Filat and his colleagues, learning from the successes and failures of other post-communist nations (including Georgia and Ukraine), have a great chance to move their country closer to stability and prosperity, but only if the European Union and the United States underpin promises to help this fragile democracy with advice and practical assistance. Only then can Moldova become a true success story.
While repairing the economy and building institutions are the top priorities, solving the Transnistria separatist problem is also important. Russia has refused to remove its 1,200 "peacekeeping forces" and munitions from the Transnistrian part of the country despite a pledge to do so under the 1999 Istanbul Commitments. The new government in Chisinau, the Moldovan capital, has called for the departure of the Russian forces, and the West should step up its support for this position based on the principle of host-country consent. The previous Moldovan government paid mere lip service to calling for the removal of Russian forces and nearly signed on to 2003's ill-fated Kozak Plan, which would have expanded and extended Russia's presence in the region.
Moldova's new leaders acknowledge deep and immediate reforms as the only way to progress. They seem willing to embark on these reforms and not wait for-or whine about-the absence of a solid promise of integration into the EU. This makes them the exception in a region where governments regard this promise as the only incentive for reform. This alone should make the EU pay serious attention to Moldova, a new hope in a long-troubled neighborhood. To its credit, and in compensation for sporadic attention paid to the country's problems, the EU has met the openness of the new Moldovan government with immediate negotiation of an Association Agreement. The country is also fully engaged in the Eastern Partnership, the EU's instrument for advanced cooperation with Moldova and five other countries in the region.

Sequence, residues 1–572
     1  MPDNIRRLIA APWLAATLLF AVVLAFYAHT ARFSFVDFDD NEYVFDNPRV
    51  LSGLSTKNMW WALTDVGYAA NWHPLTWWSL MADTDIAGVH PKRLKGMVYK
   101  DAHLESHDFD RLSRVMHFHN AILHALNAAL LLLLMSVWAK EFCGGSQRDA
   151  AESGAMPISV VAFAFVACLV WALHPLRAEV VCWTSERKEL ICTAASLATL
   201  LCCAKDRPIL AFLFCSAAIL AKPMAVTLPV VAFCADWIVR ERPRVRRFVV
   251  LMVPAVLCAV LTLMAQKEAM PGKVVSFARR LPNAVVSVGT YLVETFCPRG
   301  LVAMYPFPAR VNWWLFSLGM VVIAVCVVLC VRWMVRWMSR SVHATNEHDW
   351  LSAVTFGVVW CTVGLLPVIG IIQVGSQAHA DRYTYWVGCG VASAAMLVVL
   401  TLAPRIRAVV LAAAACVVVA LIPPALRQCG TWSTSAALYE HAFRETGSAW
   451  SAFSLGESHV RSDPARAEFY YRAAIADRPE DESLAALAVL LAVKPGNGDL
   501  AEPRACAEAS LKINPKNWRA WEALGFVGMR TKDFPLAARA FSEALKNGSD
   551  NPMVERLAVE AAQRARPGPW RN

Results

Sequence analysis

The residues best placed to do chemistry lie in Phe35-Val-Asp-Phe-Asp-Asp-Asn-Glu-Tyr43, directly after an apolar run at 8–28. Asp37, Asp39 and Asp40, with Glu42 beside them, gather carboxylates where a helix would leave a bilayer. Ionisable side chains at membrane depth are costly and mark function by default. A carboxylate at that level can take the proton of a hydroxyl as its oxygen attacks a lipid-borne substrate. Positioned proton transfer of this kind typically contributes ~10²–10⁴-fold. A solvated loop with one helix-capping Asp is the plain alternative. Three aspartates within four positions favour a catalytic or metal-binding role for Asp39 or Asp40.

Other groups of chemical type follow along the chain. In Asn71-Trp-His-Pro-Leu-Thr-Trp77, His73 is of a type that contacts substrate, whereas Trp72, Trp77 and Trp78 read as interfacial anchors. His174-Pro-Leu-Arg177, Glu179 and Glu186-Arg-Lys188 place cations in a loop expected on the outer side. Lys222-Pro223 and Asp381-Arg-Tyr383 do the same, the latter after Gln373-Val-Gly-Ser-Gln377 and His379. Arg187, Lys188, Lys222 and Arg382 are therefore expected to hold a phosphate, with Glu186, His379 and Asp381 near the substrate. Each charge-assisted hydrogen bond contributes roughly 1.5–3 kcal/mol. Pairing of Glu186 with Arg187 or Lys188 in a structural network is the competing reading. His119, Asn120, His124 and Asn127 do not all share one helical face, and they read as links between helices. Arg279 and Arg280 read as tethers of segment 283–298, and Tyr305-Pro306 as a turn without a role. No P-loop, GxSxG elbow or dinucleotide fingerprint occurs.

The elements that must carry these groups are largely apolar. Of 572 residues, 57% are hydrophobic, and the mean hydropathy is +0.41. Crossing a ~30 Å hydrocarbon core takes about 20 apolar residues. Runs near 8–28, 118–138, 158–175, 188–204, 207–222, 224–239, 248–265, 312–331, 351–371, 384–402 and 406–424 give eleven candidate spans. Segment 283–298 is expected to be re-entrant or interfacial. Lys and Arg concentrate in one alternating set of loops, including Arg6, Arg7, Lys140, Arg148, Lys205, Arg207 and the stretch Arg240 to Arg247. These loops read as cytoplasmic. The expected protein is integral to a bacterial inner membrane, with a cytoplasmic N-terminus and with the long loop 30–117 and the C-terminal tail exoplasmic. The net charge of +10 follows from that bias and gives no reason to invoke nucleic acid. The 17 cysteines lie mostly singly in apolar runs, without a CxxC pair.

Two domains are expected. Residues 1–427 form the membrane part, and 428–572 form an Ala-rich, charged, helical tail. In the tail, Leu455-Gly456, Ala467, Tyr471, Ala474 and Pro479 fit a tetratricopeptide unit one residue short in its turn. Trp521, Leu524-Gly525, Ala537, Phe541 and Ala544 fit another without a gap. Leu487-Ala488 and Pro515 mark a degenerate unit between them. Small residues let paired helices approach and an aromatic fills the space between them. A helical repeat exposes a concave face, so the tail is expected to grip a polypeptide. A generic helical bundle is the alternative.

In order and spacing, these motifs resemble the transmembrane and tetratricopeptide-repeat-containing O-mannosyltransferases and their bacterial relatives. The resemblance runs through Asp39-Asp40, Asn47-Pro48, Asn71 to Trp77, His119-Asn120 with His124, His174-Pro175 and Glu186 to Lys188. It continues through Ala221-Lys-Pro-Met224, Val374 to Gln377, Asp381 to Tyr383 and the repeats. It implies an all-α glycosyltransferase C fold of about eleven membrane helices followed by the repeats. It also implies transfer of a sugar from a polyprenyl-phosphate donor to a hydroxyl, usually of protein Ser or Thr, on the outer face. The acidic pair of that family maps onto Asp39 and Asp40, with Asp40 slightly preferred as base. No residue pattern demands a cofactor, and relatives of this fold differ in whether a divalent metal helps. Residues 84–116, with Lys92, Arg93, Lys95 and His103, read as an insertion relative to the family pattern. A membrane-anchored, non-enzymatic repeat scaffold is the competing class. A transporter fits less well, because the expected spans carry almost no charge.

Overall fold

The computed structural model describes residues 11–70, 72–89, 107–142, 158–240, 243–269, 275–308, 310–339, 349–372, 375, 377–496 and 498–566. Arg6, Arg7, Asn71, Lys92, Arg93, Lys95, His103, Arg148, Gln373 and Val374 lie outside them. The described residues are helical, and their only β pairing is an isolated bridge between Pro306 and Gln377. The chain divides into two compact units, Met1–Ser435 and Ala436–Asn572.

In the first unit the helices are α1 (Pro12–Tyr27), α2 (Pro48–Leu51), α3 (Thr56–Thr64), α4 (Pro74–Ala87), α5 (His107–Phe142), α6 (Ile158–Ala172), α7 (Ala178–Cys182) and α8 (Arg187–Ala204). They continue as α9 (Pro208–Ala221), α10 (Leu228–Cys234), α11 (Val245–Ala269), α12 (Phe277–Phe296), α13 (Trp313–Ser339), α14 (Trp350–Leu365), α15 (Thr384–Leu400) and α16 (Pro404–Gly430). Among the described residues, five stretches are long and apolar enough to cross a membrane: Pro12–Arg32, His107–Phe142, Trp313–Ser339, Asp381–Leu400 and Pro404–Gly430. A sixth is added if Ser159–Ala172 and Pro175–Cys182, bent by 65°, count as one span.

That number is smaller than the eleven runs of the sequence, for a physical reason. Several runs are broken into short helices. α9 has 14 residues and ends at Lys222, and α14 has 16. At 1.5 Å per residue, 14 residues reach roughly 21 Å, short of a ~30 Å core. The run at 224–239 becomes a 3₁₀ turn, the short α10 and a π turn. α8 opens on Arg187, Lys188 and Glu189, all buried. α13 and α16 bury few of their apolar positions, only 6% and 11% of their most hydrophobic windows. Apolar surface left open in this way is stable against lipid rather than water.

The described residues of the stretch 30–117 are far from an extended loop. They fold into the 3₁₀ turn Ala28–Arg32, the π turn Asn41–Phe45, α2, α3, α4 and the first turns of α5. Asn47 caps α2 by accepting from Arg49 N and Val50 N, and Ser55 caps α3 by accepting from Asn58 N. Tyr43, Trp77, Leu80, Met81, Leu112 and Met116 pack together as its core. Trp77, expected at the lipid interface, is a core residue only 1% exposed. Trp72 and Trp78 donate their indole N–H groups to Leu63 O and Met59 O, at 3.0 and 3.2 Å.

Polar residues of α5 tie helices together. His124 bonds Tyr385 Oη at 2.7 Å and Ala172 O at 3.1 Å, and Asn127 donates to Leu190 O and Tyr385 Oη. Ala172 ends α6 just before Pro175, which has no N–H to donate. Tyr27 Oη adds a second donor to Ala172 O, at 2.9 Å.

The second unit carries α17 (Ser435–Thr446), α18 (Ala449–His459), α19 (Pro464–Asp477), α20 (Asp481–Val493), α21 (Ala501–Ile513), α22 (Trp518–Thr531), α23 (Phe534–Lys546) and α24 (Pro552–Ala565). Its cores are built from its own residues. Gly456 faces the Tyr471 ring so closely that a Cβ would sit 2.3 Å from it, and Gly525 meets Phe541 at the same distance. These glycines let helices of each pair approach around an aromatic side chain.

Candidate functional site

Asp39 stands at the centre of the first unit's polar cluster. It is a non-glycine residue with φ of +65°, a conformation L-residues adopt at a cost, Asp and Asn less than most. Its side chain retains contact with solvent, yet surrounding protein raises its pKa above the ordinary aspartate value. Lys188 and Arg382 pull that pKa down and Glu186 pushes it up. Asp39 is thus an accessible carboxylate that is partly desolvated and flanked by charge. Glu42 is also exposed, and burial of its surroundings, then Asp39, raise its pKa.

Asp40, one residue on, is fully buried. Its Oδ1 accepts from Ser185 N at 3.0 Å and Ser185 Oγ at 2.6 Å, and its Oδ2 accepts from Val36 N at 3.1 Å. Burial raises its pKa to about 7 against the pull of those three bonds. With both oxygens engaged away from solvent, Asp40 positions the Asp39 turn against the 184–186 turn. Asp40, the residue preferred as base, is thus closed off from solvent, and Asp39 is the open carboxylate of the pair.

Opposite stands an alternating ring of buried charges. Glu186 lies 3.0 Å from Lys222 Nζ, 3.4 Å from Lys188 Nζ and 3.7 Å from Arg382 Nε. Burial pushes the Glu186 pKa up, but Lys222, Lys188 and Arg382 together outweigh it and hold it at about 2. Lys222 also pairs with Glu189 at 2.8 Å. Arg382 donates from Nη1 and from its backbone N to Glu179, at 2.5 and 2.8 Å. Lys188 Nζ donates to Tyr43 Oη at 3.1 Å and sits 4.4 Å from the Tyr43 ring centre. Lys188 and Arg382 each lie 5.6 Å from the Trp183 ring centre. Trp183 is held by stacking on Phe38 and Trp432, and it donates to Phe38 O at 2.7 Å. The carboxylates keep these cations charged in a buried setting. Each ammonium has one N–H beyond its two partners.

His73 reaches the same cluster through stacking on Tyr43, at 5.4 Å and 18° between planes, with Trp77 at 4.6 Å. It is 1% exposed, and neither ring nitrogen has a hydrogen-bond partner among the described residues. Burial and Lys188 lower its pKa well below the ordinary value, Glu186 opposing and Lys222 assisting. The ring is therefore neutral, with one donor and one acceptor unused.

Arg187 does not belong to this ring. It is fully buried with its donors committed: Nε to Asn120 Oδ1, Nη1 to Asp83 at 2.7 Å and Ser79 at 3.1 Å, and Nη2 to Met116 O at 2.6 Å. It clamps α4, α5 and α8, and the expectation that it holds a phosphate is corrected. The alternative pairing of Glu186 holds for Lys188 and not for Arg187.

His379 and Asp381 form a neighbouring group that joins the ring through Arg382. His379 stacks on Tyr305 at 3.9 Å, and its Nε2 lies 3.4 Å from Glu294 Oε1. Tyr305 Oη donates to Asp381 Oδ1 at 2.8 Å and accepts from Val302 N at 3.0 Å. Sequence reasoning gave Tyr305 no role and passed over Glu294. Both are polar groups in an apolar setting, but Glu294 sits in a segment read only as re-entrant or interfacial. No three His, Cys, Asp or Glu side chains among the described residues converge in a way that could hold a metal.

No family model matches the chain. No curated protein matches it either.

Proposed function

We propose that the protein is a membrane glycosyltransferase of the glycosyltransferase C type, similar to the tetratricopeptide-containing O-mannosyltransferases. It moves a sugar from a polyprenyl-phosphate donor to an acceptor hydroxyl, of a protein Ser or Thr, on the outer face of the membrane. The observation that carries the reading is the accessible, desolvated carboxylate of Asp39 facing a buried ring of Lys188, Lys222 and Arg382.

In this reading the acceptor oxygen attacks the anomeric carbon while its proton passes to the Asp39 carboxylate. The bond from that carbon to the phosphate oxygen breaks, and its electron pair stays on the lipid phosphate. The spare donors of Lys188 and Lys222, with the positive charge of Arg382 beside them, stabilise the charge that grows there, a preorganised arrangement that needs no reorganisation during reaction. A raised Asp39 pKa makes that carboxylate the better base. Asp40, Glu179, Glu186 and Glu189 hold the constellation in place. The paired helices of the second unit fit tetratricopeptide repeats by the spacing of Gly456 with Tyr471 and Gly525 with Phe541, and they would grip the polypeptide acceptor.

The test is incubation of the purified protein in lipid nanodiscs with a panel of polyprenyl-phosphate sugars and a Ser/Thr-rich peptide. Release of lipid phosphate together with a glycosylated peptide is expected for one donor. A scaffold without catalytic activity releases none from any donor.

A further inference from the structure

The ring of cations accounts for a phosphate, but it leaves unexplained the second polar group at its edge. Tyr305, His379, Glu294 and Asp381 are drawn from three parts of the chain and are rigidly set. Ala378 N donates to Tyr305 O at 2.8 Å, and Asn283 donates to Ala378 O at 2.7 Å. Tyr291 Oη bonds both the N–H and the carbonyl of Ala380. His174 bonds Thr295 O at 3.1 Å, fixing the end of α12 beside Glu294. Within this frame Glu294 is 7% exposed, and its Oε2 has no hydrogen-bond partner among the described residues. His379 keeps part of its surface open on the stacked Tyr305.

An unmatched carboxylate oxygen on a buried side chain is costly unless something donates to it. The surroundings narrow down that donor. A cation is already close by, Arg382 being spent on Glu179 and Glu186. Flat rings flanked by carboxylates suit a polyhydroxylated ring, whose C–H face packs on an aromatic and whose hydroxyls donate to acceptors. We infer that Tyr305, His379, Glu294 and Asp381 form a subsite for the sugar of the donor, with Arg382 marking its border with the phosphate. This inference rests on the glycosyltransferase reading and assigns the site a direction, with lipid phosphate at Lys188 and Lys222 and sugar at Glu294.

Reforms are the engine of development, yet they bear a political cost, one that Moldova cannot pay too soon without seriously risking sliding back to a closed and infertile political system. This is why, in addition to EU action on the economy, efforts also should focus on helping mass media take full advantage of its newly regained freedom, encouraging civil society to become part of policymaking and strengthen its watchdog capacity, and increasing parliamentary control over government actions. Creation of solid elements of a democratic system is the only proof against political backsliding. Moreover, an economically attractive and politically stable Moldova will have more power to negotiate a fair settlement of the Transnistrian conflict and attract those on the other side of the Dniester River. But Transnistria cannot become an excuse to stop reform. Moldova simply doesn't have that luxury - and neither does the West.
David J. Kramer is a Senior Transatlantic Fellow at the German Marshall Fund's Washington, DC, office. Alina Inayeh directs the Black Sea Trust and GMF's Bucharest office. Pavol Demes directs GMF's Bratislava office.
This entry was posted by David Kramer, Pavol Demes and Alina Inayeh on Wednesday, January 20th, 2010 at 7:02 pm and is filed under Black Sea, Central and Eastern Europe, European Union, Moldova, Politics, Russia, Transatlantic Relations, Transatlantic Take.